Nathan’s last minute edits for this weekend’s opera in New York may have been a whole day late, and I may have three books in production just waiting for approval for distribution, and maybe it took me all this time to follow-up on our appeal about Kyrie’s oxygen and my cochlear implant upgrade, but by golly, the children went to bed happy as can be, after a beautiful day of excellent behavior and positive interactions all around.

You know, just this once.

So I had to document it.  Because it might not happen again.

But today?  Good job, Christensens.  We made it one more day.


Some days don’t feel like our life together began with adorable wedding invitations designed to look like books and entitled Marital Bliss.

Some days parenting skills are almost irrelevant because the children have their own agency and make choices for themselves no matter how much I pray and plead and hope.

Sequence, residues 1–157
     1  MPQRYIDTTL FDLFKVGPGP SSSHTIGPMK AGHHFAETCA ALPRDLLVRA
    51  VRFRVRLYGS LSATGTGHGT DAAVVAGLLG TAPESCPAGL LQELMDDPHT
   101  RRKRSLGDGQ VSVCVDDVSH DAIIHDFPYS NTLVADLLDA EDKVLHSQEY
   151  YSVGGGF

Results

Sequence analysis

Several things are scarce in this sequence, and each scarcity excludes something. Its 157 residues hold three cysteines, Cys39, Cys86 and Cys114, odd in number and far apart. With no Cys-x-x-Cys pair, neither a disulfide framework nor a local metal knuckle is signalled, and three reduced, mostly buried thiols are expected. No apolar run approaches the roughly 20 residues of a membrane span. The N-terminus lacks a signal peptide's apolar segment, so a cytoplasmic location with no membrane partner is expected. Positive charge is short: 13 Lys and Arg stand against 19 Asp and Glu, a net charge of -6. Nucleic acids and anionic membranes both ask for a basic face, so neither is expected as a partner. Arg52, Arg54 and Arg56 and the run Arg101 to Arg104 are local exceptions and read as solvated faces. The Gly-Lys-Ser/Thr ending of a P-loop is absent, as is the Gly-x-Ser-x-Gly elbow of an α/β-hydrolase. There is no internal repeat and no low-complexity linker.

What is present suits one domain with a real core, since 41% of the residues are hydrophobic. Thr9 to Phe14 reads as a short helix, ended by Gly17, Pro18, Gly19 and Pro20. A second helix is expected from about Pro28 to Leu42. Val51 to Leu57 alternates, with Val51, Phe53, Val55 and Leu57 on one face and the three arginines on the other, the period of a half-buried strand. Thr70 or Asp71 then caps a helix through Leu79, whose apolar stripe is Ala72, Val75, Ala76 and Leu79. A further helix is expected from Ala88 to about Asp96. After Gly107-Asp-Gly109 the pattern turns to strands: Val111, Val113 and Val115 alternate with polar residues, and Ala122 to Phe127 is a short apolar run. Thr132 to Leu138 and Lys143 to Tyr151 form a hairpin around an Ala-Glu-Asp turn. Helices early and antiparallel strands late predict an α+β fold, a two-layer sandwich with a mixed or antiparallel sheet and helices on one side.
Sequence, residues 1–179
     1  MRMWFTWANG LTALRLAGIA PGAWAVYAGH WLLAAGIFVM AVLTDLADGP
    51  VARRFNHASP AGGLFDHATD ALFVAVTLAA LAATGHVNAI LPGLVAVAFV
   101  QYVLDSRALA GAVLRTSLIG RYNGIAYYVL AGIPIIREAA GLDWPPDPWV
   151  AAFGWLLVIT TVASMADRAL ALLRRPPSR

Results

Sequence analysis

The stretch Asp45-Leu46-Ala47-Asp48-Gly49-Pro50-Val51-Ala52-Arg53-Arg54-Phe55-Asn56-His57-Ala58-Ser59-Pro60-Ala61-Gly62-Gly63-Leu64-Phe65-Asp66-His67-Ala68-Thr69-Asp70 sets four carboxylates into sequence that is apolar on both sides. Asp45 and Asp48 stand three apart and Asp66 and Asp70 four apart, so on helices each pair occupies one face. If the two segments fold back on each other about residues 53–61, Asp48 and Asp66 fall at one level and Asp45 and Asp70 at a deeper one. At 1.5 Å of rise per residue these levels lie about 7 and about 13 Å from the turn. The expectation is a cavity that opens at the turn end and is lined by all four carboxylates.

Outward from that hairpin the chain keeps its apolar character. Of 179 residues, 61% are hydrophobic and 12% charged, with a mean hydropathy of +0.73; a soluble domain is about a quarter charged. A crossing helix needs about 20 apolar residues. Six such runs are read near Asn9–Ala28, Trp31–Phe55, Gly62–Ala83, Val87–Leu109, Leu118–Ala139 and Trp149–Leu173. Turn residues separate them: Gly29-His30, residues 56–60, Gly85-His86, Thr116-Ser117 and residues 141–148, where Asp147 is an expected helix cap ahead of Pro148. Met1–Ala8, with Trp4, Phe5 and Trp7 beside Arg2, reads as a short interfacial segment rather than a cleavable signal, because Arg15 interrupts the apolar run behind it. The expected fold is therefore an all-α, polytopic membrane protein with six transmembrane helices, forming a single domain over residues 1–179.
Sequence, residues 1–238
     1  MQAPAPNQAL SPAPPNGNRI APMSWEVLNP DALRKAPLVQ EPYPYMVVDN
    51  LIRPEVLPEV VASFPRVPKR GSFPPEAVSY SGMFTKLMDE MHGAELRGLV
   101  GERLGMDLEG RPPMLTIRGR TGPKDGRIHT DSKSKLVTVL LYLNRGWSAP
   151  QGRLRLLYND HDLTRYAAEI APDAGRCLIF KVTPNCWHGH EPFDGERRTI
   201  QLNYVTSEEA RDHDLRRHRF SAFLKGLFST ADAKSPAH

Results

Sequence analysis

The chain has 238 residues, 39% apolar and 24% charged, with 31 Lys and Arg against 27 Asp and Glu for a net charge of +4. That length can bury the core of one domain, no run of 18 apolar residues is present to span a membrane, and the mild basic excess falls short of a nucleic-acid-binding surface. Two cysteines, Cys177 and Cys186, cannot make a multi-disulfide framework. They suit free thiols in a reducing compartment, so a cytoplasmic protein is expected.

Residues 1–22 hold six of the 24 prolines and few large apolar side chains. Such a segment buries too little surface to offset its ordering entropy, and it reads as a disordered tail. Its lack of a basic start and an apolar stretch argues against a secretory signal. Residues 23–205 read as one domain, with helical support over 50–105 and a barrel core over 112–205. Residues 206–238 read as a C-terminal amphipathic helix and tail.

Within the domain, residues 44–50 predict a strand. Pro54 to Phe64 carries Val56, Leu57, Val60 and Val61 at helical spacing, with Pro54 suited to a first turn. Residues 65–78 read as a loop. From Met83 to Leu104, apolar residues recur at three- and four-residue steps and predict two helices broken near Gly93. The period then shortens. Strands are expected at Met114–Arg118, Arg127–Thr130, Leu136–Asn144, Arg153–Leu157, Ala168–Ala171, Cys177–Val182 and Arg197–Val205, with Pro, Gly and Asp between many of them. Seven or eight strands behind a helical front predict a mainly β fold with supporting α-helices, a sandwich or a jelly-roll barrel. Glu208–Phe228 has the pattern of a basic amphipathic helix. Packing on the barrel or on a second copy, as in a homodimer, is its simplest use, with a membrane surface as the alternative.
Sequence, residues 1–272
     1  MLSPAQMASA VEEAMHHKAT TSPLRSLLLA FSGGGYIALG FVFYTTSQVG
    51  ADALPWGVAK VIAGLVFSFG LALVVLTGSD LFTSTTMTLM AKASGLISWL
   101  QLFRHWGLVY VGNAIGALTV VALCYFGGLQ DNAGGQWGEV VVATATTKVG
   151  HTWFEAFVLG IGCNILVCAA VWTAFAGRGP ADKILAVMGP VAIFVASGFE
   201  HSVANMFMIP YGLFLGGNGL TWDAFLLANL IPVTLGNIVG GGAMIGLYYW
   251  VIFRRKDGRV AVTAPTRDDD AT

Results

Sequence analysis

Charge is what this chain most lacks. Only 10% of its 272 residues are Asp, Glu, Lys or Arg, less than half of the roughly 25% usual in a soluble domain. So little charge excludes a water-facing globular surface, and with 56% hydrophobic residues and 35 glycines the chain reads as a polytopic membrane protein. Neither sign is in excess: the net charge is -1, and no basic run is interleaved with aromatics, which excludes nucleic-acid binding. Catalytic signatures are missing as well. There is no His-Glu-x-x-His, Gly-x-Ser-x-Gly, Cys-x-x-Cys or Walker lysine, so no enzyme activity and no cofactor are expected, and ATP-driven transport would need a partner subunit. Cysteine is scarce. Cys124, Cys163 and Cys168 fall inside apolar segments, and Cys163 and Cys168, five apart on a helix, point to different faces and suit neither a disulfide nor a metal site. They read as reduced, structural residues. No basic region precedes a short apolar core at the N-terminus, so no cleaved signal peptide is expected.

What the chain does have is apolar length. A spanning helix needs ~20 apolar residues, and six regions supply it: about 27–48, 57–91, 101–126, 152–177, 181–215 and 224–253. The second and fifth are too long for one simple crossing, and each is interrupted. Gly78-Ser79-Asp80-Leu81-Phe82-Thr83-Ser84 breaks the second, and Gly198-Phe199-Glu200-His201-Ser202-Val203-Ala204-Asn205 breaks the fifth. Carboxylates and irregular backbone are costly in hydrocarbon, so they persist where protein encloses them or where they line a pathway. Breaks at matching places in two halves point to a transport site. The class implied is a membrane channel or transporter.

Today Mary stole toys that weren’t hers again, and hid all her laundry in her drawers, and “lost” her homework (twice) so she wouldn’t have to do it.

Alex threw such a big baby fit, like a real toddler tantrum, that he even threw his mattress off the top bunk onto the floor below.

Kirk ran his little mouth, arguing and back talking about everything in a most uncharacteristic kind of way. 

Barrett punched Alex in the face, which made most of us want to cheer, except that’s not okay.

Anber pinched Kirk, told three big lies in a row, and pointed out (again) to all the other children that Grandma only wants to buy her presents and not them and only wants to sit with her and not anyone else.  She can be so mean!

Nathan and I wanted to lose it.  We were so angry!  And frustrated! And disappointed!

At one point, I just left the battlefield and crawled back under the covers.  I set the timer on my phone for three minutes, had a good cry, then washed my hands and face and went back out there.  No matter how much easier it would have been, I couldn’t just leave them all out there by themselves to duke it out via Hunger Games.

Except I can, because they have their own lives to manage.

I’m the mom, so it’s my job to pass out ice packs and give hugs when  the dust settles, but it is not my job to regulate for them or rescue them from consequences.